Ditch ‘Em! Skills to Leave Off Your Resume

Jul 24, 2020 | Resumes

A title graphic featuring two emoji of people crossing their hands over their chest in a "no gesture" with an alternate version of the article's title: "Skills to Not Put on a Resume"

While you may think they’re impressive, there are definitely some skills not to put on your resume. Learn what they are and why you should leave them off.

By: Matt Dupee | Resume Writer for Let’s Eat, Grandma

You have to have skills to pay the bills. On your resume, that saying is actually literal!

Having a skills section on your resume is important. It’s not just a great mental checklist for recruiters to scan; in the era of Applicant Tracking Systems (ATS), the skills section has evolved into one of the most important sections of your resume.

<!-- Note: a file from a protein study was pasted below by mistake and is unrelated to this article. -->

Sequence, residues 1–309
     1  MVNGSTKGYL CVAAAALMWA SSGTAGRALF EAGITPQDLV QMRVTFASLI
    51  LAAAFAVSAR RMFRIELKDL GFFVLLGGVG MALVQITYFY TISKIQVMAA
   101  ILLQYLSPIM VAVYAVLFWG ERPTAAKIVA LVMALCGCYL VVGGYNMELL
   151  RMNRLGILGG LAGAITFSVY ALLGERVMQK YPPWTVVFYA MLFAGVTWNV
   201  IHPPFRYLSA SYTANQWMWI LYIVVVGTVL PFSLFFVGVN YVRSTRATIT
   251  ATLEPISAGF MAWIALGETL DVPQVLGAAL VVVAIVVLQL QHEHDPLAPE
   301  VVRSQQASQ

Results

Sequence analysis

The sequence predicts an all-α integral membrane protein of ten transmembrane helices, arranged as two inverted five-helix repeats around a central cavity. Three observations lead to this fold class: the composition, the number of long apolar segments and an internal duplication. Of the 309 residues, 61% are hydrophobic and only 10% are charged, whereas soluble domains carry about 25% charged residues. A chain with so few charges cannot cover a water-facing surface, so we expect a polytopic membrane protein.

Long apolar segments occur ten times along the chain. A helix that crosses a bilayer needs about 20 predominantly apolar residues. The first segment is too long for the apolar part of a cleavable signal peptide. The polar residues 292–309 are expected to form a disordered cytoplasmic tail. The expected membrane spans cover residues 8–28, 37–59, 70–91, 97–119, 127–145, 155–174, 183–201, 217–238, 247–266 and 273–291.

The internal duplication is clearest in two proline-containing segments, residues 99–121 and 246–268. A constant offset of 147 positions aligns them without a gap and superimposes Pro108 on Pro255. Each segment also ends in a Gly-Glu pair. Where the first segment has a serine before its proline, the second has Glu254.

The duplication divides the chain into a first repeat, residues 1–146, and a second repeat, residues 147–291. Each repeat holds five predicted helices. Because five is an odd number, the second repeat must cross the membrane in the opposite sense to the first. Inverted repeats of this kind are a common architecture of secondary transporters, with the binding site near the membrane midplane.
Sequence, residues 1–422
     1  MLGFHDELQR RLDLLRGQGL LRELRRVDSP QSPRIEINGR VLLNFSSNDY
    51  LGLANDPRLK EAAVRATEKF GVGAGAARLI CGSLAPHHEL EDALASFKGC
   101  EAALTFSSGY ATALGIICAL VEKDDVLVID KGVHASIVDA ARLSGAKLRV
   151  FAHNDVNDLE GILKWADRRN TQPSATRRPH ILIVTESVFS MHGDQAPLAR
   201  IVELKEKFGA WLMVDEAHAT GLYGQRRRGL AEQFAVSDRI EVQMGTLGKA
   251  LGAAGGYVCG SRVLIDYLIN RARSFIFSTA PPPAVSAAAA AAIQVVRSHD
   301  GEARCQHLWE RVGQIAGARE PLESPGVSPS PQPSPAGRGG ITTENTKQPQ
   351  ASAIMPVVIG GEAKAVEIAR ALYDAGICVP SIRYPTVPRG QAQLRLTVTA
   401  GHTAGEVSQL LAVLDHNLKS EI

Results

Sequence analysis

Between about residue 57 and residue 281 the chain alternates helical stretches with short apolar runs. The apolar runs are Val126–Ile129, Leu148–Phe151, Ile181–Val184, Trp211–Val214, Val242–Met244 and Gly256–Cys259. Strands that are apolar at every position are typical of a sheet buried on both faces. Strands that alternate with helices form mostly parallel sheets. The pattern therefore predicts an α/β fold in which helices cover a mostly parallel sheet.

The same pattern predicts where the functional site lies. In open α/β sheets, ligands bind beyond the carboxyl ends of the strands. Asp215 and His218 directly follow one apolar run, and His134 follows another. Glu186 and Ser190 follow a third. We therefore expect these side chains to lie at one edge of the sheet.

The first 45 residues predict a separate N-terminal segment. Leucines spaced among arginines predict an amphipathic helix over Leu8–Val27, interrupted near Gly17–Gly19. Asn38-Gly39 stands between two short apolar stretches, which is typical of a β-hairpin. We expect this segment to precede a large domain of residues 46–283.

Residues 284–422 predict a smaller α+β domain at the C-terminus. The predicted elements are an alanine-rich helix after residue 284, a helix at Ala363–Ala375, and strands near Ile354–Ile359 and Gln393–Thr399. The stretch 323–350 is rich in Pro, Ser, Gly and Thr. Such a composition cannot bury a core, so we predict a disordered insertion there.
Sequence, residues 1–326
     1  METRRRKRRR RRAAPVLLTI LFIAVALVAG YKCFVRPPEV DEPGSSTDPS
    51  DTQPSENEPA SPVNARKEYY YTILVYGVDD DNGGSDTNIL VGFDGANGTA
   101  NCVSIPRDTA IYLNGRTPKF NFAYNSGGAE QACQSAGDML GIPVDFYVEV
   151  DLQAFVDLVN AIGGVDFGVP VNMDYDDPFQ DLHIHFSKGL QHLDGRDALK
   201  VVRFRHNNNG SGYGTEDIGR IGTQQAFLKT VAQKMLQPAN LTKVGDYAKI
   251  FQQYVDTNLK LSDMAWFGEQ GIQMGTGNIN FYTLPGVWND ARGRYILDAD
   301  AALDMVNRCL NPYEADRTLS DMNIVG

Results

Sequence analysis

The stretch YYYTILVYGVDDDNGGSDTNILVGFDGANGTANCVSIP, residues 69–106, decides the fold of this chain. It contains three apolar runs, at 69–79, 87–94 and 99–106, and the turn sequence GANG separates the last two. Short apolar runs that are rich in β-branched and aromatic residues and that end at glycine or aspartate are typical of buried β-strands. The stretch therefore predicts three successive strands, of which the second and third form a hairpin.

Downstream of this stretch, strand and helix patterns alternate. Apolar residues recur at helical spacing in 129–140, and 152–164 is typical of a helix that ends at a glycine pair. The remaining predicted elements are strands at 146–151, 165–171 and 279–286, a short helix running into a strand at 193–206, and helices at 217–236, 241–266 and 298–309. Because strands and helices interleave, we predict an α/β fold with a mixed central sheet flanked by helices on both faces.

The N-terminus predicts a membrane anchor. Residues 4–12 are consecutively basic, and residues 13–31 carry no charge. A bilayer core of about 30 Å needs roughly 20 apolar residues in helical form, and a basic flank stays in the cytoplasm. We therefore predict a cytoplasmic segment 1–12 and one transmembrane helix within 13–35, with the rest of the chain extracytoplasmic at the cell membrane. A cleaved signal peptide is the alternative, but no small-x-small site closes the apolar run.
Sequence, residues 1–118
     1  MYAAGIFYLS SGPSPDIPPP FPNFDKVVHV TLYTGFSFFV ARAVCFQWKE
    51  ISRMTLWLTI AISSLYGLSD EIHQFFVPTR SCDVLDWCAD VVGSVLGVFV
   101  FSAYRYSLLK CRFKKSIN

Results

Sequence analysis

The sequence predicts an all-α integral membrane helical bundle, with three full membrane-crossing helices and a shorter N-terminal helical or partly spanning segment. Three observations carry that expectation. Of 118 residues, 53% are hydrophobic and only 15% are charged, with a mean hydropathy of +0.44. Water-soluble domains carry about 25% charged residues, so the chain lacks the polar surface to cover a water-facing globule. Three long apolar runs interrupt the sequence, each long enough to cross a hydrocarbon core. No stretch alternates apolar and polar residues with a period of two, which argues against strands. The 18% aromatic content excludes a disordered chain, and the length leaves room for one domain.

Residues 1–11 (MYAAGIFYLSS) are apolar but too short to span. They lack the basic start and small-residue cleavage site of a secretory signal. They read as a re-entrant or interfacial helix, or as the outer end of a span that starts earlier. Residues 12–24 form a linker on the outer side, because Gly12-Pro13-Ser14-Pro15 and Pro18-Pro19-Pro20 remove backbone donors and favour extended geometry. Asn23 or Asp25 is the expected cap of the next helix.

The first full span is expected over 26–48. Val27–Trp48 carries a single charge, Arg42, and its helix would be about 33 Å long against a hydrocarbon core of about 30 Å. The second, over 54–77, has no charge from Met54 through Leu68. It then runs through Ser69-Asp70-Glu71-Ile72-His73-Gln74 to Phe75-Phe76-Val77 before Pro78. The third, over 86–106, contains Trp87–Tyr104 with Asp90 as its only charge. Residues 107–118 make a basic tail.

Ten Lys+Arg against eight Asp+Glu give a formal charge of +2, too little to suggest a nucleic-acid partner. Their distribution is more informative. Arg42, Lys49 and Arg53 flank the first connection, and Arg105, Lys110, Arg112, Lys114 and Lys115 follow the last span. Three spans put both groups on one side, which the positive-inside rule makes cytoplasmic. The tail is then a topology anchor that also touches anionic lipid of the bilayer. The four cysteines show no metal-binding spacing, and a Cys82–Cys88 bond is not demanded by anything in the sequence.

The inclusion of keywords from the job description on your resume (which are often skills that recruiters search for — see #2 here) may make the difference between being seen by a human and being rejected by a digital “bot”.

However, all the hype about ATS isn’t a cause for alarm. Contrary to what some job seekers think, you shouldn’t go putting every skill you can think of on your resume. Whether they’re obvious, obsolete, or irrelevant, some skills are just a waste of space.

A graphic of a massive, overwrought skills section

Do NOT end up with a skills section like this. There are plenty of skills to leave off your resume.

Here are examples of skills to leave off your resume.